Alan Biggs: Slavisa Jokanovic was the only appointment that can let Sheffield United move on from Chris Wilder saga
“The next best thing” is how I’ve heard Blades fans describe Slavisa Jokanovic’s appointment in place of Chris Wilder.
It sounds like a back-handed compliment. It isn’t. The next best thing was a tough act to achieve and, you sense, required Sheffield United to make a great deal more compromise than they afforded their revered former manager.
It doesn’t matter how you get there, just that you get there in the end.
It matters not that there was a feeling of Bramall Lane’s rulers being driven to it rather than driving it forward. Or that a young German coach was courted with Jokanovic initially ignored and that United flirted with the idea of promoting interim manager Paul Heckingbottom.
What does matter a very great deal is that owner Prince Abdullah, in striking an essential blow for the credibility of his regime, has hired clearly the best man for the job and dramatically improved the club’s chances of a swift return to the Premier League.
It’s not only that the former Watford and Fulham promotion-winner is looking to accomplish this for the third time. Just as important is how his appointment has reset the mood inside and outside the club.
There will still be some uncertainty in the dressing room - which is normal in a changeover - but not about the ambition and future direction of the club.
Good players who might have looked to jump ship are likely to want to be on board with this regime. Certainly they will respect Jokanovic instantly - and he has a knowledgeable respect for them, enough to realise he has most of the tools for the job already.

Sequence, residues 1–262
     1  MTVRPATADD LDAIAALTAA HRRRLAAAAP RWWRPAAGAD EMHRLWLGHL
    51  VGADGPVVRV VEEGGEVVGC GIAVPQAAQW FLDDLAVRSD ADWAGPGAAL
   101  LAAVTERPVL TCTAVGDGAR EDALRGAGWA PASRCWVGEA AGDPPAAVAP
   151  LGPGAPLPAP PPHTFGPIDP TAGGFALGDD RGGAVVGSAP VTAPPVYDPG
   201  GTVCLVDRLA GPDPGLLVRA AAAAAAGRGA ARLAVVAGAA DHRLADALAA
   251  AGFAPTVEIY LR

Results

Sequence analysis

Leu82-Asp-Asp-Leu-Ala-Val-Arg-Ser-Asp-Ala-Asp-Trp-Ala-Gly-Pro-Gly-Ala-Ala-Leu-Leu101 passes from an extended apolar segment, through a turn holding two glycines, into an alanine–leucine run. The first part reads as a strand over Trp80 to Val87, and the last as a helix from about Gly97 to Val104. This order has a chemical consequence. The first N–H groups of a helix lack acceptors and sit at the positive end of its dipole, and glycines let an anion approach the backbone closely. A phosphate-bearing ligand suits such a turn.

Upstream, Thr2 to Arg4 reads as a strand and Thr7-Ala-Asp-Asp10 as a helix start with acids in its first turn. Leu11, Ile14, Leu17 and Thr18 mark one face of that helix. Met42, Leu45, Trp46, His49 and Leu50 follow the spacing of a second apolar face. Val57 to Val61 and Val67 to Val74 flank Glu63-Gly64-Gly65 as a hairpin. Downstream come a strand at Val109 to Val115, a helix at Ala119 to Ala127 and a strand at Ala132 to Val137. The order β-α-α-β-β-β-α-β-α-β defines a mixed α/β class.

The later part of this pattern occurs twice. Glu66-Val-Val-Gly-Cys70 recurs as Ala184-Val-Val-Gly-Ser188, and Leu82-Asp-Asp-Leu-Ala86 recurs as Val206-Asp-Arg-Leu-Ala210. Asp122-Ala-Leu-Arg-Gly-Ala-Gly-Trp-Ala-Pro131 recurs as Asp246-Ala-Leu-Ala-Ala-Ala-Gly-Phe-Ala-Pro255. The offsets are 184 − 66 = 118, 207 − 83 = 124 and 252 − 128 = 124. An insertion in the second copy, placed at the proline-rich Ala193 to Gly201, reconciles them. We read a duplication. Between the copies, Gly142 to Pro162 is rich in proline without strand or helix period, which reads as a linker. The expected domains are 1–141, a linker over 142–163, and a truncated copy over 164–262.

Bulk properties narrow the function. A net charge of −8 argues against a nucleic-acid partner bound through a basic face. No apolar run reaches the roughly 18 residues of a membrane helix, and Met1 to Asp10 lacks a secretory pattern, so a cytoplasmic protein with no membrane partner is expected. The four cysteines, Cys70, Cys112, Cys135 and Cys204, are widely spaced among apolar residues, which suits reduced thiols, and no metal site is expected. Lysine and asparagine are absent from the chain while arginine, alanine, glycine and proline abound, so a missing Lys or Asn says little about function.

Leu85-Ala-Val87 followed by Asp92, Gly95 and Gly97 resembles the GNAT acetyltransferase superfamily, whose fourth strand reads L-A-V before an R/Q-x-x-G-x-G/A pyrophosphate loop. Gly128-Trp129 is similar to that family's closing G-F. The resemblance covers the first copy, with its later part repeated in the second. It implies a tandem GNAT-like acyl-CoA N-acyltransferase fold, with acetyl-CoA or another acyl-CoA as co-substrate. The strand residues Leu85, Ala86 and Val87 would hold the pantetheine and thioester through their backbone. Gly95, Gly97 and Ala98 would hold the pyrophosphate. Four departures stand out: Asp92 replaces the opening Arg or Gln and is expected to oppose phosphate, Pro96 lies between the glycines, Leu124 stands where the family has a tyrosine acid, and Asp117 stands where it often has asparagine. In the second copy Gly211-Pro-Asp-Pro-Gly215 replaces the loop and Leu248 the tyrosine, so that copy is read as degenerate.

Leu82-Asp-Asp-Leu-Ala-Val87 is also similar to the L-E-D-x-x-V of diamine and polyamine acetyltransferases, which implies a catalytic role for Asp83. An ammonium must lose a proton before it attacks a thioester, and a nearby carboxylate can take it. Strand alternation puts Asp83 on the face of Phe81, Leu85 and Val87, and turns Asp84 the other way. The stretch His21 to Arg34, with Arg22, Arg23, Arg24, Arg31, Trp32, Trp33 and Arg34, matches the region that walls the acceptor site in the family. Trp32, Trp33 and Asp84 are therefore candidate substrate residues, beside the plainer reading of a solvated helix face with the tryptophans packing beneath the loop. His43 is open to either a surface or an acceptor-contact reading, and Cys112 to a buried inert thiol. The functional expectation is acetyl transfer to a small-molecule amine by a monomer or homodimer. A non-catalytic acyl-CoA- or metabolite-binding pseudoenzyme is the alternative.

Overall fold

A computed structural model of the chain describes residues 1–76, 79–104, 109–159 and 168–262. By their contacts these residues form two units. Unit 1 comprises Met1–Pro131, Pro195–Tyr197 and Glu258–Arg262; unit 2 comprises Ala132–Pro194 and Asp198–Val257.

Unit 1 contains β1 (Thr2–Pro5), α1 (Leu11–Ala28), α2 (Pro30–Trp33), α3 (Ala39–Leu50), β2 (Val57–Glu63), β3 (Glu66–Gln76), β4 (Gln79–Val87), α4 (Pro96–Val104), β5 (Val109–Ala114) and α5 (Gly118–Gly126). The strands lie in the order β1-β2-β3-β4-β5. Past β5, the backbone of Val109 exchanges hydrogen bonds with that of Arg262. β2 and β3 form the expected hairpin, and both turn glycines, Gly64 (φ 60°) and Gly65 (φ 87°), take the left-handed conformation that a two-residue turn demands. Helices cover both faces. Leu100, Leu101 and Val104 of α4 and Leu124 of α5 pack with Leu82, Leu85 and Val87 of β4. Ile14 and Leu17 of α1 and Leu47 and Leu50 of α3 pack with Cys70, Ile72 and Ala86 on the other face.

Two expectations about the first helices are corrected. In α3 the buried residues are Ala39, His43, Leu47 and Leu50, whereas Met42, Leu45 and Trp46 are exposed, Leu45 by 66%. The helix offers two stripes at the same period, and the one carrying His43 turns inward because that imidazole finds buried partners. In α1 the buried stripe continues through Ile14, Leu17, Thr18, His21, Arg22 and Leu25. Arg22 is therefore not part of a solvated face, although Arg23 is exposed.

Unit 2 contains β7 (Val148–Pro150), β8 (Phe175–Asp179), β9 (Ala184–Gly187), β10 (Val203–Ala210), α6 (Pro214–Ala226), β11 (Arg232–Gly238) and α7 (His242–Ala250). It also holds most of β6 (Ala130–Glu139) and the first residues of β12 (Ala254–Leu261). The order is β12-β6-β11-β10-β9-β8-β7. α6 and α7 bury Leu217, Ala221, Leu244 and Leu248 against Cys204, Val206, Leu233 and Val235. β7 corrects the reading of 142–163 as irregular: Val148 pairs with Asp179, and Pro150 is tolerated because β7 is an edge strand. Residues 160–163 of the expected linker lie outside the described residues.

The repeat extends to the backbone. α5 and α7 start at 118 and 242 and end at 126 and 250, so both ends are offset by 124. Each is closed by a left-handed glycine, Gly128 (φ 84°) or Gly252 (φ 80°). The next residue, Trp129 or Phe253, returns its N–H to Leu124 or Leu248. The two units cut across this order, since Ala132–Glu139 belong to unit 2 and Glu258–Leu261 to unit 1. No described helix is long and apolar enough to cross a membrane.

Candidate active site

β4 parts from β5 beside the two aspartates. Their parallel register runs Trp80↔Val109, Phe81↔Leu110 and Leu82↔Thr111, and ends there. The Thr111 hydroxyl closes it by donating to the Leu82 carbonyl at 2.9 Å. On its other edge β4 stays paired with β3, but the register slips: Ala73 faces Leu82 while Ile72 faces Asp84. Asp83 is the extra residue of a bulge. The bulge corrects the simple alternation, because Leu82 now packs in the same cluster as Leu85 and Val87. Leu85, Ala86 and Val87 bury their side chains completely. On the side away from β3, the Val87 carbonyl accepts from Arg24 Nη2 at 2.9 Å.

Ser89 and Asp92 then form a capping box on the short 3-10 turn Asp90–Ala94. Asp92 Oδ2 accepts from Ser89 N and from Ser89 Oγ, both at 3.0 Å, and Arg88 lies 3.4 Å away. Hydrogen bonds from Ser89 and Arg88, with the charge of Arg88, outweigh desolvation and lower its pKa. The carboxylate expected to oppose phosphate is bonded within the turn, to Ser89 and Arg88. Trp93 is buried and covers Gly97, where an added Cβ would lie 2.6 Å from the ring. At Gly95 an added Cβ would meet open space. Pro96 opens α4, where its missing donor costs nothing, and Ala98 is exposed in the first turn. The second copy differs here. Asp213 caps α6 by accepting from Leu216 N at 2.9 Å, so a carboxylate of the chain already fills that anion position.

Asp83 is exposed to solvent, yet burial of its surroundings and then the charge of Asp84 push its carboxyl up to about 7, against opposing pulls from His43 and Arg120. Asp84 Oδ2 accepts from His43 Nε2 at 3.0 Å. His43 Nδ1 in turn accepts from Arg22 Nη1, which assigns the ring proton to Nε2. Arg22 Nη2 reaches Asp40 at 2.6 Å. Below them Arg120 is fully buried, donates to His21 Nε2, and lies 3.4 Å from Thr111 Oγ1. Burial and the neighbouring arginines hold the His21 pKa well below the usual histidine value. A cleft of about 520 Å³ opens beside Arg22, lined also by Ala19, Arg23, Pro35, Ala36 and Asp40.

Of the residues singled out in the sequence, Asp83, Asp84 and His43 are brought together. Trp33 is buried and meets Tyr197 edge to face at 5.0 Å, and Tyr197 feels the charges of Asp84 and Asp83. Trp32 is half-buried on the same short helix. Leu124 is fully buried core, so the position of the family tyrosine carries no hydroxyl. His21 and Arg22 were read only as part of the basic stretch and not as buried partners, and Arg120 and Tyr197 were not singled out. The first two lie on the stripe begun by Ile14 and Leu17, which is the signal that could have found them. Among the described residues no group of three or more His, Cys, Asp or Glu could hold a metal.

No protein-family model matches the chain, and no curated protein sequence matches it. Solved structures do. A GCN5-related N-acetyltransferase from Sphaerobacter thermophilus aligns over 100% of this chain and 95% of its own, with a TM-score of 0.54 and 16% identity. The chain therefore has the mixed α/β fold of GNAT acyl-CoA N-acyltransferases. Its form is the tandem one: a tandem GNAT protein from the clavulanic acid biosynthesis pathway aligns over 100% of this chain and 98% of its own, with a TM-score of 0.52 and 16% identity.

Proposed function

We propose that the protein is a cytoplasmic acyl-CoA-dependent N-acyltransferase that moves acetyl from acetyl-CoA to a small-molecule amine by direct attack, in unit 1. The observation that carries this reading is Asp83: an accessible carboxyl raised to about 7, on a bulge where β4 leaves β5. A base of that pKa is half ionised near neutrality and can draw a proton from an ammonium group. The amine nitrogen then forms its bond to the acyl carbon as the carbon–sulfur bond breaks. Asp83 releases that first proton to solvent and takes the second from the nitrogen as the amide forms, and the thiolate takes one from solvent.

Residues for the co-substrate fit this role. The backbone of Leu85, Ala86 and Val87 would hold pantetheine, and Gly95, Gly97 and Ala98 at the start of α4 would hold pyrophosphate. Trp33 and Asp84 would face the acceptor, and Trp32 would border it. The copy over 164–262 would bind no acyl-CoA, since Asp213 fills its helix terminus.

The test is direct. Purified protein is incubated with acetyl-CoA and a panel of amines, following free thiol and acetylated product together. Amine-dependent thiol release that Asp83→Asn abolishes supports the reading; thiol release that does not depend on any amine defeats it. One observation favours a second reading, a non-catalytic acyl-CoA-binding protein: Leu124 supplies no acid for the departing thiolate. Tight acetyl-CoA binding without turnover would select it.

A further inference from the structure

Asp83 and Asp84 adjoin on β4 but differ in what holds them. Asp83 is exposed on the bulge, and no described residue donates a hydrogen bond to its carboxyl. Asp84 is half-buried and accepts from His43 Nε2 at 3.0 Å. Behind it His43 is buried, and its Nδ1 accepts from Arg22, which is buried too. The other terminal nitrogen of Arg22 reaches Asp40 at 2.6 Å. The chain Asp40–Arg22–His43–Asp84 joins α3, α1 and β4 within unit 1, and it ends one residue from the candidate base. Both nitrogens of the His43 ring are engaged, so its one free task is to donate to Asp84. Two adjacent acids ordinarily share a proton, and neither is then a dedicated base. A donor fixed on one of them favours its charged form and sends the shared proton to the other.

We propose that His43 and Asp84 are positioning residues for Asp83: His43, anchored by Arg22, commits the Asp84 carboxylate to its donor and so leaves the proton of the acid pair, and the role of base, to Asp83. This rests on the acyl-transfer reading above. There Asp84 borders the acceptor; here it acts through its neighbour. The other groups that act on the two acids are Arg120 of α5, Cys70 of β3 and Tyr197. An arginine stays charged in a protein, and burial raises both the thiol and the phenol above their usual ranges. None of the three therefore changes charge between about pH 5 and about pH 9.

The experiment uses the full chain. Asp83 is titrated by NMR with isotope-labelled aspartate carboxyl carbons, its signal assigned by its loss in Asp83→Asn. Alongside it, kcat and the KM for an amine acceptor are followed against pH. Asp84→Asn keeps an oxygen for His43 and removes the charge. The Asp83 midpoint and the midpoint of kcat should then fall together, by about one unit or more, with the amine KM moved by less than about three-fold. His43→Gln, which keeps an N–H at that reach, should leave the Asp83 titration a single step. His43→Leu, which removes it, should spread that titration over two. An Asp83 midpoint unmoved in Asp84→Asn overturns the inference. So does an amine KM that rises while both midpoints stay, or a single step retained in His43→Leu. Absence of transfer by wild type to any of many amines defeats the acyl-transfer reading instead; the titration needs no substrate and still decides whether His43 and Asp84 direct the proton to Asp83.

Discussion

It’s a huge move-on moment for the club and one it desperately needed.
Not that Wilder’s deeds will be forgotten or that the vast majority of fans still wouldn’t have preferred for him to stay. Indeed, I believe - as does he - that he is destined to return one day.
But you can’t keep dwelling on a mistake, however regrettable and avoidable, and United have finally taken the only course of action to move on past.
A scale-down couldn’t have worked. Jokanovic will not have come cheap, and his operational demands may have tested the board. There is no point recruiting someone of his stature and then cramping his style.
But perhaps the most vital reset is in the stands. Where there could have been an atmosphere of distrust and suspicion now there is one of belief.
A degree of patience also. Across a three-year contract, assuming the much-travelled Serb stays that long, you’d expect him to succeed.